1. Indemnifications

The scope of the indemnifications will always be subject to significant negotiations. The decision to include caps, survival periods, baskets or deductibles will affect the maximum exposure the parties face.

Baskets and deductibles are designed so the seller is not bothered by immaterial breaches in the reps and warranties, In the case of a basket, when the buyer’s losses exceed the basket amount, the seller is liable for the total amount of the losses, and in the case of a deductible, when the buyer’s losses exceed the deductible amount, the seller is liable only for the excess amount above the deductible. A cap limits the seller’s indemnification obligation. It typically based on a percentage of the transaction value.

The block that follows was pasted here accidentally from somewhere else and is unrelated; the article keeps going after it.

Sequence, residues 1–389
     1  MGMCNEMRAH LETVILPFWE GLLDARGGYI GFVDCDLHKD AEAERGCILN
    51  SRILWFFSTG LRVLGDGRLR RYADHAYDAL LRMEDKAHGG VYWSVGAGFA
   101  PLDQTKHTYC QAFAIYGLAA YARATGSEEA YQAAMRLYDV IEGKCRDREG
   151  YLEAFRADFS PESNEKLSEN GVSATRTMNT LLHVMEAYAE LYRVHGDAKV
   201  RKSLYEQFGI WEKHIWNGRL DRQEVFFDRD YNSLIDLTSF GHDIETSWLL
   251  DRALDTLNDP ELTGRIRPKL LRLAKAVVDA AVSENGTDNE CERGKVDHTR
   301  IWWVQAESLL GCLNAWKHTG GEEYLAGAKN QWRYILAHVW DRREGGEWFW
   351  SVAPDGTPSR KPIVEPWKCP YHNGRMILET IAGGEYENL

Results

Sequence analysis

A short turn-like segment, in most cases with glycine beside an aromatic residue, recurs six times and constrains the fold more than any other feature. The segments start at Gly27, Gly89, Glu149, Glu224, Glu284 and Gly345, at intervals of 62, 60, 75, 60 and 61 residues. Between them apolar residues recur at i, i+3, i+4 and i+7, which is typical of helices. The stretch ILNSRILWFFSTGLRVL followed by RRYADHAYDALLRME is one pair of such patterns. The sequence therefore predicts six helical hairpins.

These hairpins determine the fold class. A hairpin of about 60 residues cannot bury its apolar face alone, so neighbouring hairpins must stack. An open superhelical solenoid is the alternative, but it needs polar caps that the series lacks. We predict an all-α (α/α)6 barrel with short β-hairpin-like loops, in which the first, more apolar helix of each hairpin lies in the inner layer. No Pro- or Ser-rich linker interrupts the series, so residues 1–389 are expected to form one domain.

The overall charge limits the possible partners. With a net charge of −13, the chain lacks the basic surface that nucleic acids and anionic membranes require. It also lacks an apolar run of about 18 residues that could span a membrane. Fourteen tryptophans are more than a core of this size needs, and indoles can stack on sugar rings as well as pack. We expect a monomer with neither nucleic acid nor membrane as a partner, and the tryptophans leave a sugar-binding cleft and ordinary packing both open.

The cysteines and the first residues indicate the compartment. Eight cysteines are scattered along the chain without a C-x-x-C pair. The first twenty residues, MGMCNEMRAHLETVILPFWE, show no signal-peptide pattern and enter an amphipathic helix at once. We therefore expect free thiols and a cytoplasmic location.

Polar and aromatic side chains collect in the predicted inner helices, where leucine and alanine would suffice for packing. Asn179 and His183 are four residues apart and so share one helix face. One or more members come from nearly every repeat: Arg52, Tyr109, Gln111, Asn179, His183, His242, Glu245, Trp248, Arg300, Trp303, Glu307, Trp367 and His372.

There are many things to consider before entering into negotiations for a private company acquisition – these things should be considered in depth with your advisors.

Jason Grewal, Esq.

Barrister & Solicitor

To learn more or to discuss your specific situation, please call one of our experienced lawyers at 604 265 8400 or filling out the online contact form.